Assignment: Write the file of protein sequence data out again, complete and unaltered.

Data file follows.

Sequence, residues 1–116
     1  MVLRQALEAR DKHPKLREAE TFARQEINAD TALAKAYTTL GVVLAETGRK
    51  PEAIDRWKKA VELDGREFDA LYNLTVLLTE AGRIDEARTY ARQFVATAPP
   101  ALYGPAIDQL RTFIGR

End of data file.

Sequence, residues 1–116
     1  MVLRQALEAR DKHPKLREAE TFARQEINAD TALAKAYTTL GVVLAETGRK
    51  PEAIDRWKKA VELDGREFDA LYNLTVLLTE AGRIDEARTY ARQFVATAPP
   101  ALYGPAIDQL RTFIGR